Christians and Higher Education

This seems to be my week for opining on Christians and higher education.

This article, published as a column in Canada’s leading journal for evangelicals, Faith Today, complements a theme issue on evangelicals and higher education. I offer the  opinion—controversial, alas, for many—that both secular and Christian institutions of higher education are problematic, yes, but yet also Good Things, both of them deserving Christian support.

I switch journals and audiences and theses as I write in University Affairs, Canada’s leading journal for professors and academic staff. I address the knotty question of academic freedom and argue that both Christian and secular higher education have their flaws and limitations, but also offer distinctive and worthwhile opportunities plus genuine academic freedom. Thus both forms of education deserve both public and general academic support. (The occasion is a recent Canadian Association of University Teachers investigation whose investigators recorded that they were shocked—shocked—to find out there were theological constraints on what professors could profess at a Christian school.)

0 Responses to “Christians and Higher Education”

  1. Josh

    First of all, here’s a proper link for all those who are being redirected to the Faith Today subscription page:

    Secondly, having had the opportunity to study at a European Public University, a rather small International Bible School and finally a Canadian Seminary, I wholeheartedly agree regarding the benefit of both secular and Christian institutions.

    My concern particularly regarding the education of pastors is a much different one than the issue of academic freedom and the necessary challenge to think outside the box of one’s traditions and strongly held beliefs. I think that in spite of all the progress that has been made, theological higher education still is geared more towards the academic mind than the practitioner and in a way perpetuates the common disease of preachers answering questions that no one is asking (and often in a language few do understand).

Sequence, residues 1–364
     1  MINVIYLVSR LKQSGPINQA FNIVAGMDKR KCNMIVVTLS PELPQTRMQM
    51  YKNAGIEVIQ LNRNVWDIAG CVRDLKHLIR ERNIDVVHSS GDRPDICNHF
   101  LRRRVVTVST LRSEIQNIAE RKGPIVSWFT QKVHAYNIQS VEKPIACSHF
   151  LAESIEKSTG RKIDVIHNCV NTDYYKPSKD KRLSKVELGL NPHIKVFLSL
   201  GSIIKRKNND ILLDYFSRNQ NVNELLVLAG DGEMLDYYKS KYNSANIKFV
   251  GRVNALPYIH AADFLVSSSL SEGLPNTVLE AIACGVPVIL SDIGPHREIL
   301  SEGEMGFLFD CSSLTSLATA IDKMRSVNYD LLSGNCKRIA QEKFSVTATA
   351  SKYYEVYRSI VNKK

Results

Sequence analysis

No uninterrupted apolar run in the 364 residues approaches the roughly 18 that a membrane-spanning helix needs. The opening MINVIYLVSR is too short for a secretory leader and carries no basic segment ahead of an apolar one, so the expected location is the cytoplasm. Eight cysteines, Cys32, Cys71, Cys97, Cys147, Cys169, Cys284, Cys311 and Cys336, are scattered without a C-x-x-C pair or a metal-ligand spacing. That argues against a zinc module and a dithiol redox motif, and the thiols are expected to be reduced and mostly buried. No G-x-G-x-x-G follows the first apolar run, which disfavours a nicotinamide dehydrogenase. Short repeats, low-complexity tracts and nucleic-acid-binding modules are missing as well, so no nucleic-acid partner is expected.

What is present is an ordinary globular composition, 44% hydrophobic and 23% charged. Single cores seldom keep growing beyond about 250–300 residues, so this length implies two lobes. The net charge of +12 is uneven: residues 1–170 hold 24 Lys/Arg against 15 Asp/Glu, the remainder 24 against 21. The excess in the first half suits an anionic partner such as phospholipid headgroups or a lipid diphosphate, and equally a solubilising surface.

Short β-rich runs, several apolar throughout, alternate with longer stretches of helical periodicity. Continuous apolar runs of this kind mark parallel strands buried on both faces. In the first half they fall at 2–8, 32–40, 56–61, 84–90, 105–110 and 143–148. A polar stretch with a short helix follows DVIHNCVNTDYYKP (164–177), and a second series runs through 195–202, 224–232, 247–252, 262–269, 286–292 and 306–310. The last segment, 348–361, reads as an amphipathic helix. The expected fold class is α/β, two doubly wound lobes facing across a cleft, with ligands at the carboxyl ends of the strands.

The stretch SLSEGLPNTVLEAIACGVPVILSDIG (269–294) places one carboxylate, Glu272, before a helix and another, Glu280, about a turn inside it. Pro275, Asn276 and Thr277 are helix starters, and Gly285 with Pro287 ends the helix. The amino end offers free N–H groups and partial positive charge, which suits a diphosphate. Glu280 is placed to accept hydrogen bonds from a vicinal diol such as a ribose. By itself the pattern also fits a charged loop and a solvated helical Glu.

Maybe I’m painting with too broad strokes here but from what I’ve seen and heard on both continents, this is a problem that shouldn’t be underestimated.

    Sorry for straying a bit from your actual articles which were well written. It’s always amazing to see how in the name of tolerance and freedom any perceived threat to these values seems to get a very intolerant and narrow-minded response!

  2. P. W. Dunn


    Thanks for pointing out your recent articles on education.

    Those who are shocked by theological constraints in Christian schools should be careful not to throw stones. The view that “Unqualified academic freedom is basic to the modern secular university” is belied by the ideological pressures, which you mention in your Faith Today article, put on university faculties. Too many universities have become centres of indoctrination instead of learning. Unqualified academic freedom is rare and exists only for independent scholars like myself–but even I am constrained by the laws of man and God. Now for many years, secular universities have weeded out undesirable views, including those which are deemed too conservative or too Christian. Now it doesn’t matter if there is academic freedom since the conservatives were never hired in the first place.

    Regarding the Faith Today article: For the Christian in the secular university it is thus more of a challenge to maintain one’s faith in hostile conditions, to excel academically in an environment where none of your views will be accepted without adequate argumentation. And there is likewise no guarantee that one will maintain faith in the Christian school–my experience is that that faith will just as likely stagnate there, since an unchallenged faith can become lazy.

    Finally to those who would downgrade Christian schools, it is just as likely that a person can get a good education in a Christian college. At least my experience is that my Assemblies of God Bible college prepared me well for Regent College, which prepared me well for University of Cambridge. Then I taught some seminary students who had degrees from Canadian universities and whom I felt probably should not have been accepted into the seminary.


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